Installing solar at your school makes perfect sense: not only is it a great way to reduce operating costs, it provides a fantastic way for the next generation of environmental leaders to learn about the power of the future. A solar system gives students hands-on learning opportunities and helps them make the connection between what they learn in science class and the real world.
Whether you’re purchasing a system or entering into a power-purchase agreement (PPA), solar will help you save money on your school’s electric bills. It’s also a great marketing tool that serves as an active reminder of your school’s green values and commitment to a brighter future.
The Robinson School
The Robinson School is a rural elementary school in Starksboro, Vermont. They had multiple goals for going solar, and their solar installation, located in a field adjacent to the school, allows them to reach several of those objectives at once. As their principal says, "It fits perfectly with our goal of reducing our environmental footprint, gives a hands-on focus to the energy curriculum, and will save the school money in the long-term as we have locked in our electric rate for at least the next 5 years."
Their 100kW installation produces enough energy to provide 100% of the electricity used in both the school and the town’s offices. They were also able to avoid the investment required of an upfront solar purchase with a power-purchase agreement, which helped them lock in a low electricity rate and gain significant savings. Now their students go to school each morning and know that solar can, and should be, part of every day life.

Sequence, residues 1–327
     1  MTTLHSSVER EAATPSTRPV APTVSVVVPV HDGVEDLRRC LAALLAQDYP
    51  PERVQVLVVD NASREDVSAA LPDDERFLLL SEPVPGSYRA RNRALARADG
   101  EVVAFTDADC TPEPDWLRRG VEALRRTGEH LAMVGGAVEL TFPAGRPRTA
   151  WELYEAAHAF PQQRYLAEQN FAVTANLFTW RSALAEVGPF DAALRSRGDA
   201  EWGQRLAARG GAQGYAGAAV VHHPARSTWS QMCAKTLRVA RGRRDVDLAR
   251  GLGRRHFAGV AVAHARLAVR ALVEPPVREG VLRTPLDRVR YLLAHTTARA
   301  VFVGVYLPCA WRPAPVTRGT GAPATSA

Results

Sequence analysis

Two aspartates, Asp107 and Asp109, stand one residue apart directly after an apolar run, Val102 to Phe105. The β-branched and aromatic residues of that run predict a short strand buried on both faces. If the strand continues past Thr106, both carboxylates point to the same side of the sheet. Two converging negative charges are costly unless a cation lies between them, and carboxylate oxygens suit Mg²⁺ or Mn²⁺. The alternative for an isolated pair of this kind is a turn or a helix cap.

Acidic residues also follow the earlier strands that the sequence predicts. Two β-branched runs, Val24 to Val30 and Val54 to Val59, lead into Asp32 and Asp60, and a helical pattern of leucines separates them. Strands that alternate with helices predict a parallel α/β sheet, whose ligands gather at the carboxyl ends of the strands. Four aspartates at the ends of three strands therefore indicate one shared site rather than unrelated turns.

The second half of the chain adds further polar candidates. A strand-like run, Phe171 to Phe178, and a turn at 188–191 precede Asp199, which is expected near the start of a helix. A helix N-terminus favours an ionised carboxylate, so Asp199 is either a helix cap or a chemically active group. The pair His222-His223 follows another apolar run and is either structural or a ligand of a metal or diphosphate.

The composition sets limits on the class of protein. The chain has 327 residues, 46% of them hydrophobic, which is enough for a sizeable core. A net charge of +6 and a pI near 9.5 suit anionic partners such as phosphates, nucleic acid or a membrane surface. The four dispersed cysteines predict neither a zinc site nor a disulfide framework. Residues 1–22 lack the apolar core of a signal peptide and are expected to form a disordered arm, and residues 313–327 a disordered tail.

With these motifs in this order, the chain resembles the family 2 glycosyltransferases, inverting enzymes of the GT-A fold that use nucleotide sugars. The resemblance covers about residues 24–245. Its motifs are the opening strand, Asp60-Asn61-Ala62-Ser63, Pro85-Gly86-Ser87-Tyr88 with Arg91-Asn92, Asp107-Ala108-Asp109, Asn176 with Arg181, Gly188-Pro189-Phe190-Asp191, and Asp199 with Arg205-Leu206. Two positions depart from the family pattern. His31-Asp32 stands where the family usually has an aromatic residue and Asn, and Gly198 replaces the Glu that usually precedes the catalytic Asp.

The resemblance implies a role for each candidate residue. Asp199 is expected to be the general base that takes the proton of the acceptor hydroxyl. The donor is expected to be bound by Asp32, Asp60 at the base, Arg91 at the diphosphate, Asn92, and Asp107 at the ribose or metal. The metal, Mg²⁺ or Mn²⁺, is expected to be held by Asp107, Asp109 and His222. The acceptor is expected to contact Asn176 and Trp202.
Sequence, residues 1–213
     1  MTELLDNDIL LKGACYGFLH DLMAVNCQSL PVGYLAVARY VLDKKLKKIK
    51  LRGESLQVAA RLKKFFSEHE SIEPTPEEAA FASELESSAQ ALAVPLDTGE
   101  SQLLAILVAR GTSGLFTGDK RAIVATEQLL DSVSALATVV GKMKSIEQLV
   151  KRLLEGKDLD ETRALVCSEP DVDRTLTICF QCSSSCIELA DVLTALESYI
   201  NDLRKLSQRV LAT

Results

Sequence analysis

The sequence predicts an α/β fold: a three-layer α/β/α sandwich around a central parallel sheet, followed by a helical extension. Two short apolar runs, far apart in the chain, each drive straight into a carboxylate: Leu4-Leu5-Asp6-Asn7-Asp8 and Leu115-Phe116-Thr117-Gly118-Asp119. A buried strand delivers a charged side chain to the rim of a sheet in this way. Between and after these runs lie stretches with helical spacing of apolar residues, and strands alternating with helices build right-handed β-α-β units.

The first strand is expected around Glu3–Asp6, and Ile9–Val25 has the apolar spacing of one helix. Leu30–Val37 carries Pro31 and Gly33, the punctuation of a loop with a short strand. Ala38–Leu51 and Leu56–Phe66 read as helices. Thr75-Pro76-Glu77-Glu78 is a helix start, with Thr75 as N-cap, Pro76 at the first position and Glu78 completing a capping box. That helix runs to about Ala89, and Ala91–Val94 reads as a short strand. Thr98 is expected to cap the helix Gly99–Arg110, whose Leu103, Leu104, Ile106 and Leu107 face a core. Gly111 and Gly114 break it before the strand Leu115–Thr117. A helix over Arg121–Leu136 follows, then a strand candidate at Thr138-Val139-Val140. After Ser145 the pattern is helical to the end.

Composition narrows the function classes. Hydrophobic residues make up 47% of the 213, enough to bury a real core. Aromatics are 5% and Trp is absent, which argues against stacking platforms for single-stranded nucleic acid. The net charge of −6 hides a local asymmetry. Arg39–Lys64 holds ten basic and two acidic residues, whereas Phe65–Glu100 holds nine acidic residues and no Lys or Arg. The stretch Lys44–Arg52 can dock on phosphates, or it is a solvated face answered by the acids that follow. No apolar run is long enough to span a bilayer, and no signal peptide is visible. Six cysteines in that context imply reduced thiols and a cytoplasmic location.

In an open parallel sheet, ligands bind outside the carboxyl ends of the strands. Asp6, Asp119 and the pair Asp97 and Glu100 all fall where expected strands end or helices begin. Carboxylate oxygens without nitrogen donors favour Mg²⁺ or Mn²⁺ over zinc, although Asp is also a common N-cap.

Middle School of the Kennebunks
This middle school in Southern Maine, made up of grades 6-8 with over 400 students, faculty, and staff is completely powered by solar. Their 6kW solar system will help offset the school's electrical bills due to its high production.
In addition to the clean, local energy and savings generated by the system, the school views the educational opportunities of the tracker as an added benefit. Science teachers are able to access real time information online about the solar system that can be incorporated into existing curriculum.
Rock Point School
The Rock Point School, in Burlington, Vermont, and the nearby Episcopal Diocese of Vermont, joined forces to implement a solar project as part of a larger commitment by both organizations to energy efficiency, real-life education, and stewardship of Vermont’s land. Their 147kW system reminds them daily of the importance of reducing carbon footprints, and the school’s students host tour groups of younger children from local elementary schools and community organizations to teach them about solar power, passing on an appreciation of renewables to generations to come.
Learn more about these schools' solar initiatives, and how your school can go solar, in our Solar for Schools fact sheet.